Too Cool For This, And Yet Still Here: Elvis Andrus.

A cursory glance at Andrus’ LinkedIn profile makes it fairly clear that Andrus does not outwardly care about LinkedIn too much. “But wait,” you might say, “was that not the defining characteristic of the Schilling archetype?” An understandable reading, but not quite a correct one! While the Schilling archetype is built on not understanding LinkedIn, it is also built very much on caring about LinkedIn. Effort is evident on every level of the Schilling profile, albeit effort that is somewhat confusing and perhaps misdirected at times. Conversely, there is no effort evident in the Andrus profile—save the effort to appear effortlessly cool. This is not the contradiction in terms it might seem. Being effortlessly cool means not having a LinkedIn profile at all. Putting in effort to appear effortlessly cool means having a LinkedIn profile that features a car selfie with Rougned Odor as your profile picture, a misspelled version of “business—my own” as your only career experience, and “living the Dream” as your current position. So cool. Except for the fact that two people still endorsed him for Microsoft Excel. Less cool.

The Hustling Climber: Dean Anna.

Cool is a luxury. Or, at the least, the sort of cool evident in Andrus’ profile—the cool that comes from elevating yourself above the act of caring—is a luxury. It is a luxury that Andrus has, with his spot in the big leagues secure, and a luxury that Dean Anna does not. In his ninth year as a minor leaguer, Anna has a profile that is full of care and full of want. His skills and accomplishments are thoroughly detailed all the way back to high school, his biography is earnest and comprehensive, and his mission statement is as suitable for an office job sports analogy as it is for an actual athlete: “my versatility allows me to play my game efficiently and effectively all over the field.”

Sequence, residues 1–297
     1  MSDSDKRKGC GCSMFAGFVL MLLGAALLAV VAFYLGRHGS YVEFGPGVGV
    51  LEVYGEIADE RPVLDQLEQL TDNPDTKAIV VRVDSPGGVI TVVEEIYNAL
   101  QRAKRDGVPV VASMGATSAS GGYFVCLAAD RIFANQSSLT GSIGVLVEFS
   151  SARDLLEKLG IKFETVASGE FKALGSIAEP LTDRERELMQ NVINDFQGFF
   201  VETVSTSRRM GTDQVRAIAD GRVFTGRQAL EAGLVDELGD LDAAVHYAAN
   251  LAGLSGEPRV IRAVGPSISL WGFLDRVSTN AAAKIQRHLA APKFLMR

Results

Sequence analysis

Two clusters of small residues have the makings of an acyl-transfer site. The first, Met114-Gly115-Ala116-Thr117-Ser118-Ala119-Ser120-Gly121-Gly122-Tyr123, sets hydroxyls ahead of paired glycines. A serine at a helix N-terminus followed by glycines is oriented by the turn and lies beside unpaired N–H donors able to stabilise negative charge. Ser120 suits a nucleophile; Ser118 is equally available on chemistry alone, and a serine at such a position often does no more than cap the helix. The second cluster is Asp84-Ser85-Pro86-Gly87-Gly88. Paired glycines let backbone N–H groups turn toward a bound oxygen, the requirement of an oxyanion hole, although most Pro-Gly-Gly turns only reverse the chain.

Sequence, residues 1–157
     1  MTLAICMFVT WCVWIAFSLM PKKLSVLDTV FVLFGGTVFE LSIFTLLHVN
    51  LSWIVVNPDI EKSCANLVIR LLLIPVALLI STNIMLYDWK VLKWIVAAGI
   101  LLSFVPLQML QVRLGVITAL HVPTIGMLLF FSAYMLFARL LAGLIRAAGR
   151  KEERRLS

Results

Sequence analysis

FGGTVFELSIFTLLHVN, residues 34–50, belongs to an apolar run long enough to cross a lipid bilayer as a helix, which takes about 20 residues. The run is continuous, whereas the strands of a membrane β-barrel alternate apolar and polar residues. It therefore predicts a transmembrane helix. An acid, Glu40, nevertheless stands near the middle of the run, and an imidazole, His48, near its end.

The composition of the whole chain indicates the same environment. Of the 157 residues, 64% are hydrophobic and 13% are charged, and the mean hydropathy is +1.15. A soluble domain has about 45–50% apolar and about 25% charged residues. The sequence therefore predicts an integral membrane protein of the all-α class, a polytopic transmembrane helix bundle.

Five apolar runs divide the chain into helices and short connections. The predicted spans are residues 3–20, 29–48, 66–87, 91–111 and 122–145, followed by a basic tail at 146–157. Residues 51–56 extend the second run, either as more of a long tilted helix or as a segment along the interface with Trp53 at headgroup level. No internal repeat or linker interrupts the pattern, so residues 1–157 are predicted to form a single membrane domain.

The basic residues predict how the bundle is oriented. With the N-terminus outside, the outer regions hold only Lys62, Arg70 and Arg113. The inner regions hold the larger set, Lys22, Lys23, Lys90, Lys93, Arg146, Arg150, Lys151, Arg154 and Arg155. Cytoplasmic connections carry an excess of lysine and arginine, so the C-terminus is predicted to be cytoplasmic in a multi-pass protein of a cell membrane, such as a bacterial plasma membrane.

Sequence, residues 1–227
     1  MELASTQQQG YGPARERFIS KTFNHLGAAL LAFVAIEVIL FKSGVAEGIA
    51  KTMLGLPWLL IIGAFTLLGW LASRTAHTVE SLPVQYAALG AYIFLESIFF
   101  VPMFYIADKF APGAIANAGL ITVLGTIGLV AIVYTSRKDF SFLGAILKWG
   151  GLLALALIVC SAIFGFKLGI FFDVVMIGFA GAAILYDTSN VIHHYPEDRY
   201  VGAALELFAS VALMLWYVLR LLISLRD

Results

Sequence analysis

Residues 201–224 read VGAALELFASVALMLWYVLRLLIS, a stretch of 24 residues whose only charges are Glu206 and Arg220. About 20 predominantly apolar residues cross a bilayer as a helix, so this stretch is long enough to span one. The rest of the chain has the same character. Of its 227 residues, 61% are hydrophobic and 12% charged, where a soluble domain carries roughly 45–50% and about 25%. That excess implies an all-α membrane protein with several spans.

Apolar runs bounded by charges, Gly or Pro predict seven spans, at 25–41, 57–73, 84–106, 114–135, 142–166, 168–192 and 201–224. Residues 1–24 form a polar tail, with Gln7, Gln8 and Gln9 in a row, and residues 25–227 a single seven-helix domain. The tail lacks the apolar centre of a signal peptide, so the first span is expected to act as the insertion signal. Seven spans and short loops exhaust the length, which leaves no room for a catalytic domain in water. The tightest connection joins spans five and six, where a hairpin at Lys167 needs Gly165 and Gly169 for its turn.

The Modest Reflector: Barry Bonds.

There’s a Baseball Prospectus article about Barry Bonds from September 2001 that reads, “This isn't run-of-the-mill greatness here. This is the kind of season that our grandchildren will look up in Total Baseball XVII some day and wish they could have seen in person.” There’s an entire book written about the glory of his 2001, titled “The Gracious Season: Barry Bonds and the Greatest Year in Baseball.”

There’s one line on Barry Bonds’ LinkedIn profile about 2001: “Hit 39 home runs by the All-star break (major league record). Had a .515 on-base average. Slugging percentage was .863 (major league record). 73 home runs (major league record).”

Honorable mentions: the identity crisis (is Rajai Davis a “professional baseball player” or a “major league baseball player”?), the true player’s manager (Terry Francona’s top skills are “leadership” and “customer service”), the professional profile beyond LinkedIn (Matt LaPorta, “known for high engagement, collaboration and integrity with clients”).

Thank you for reading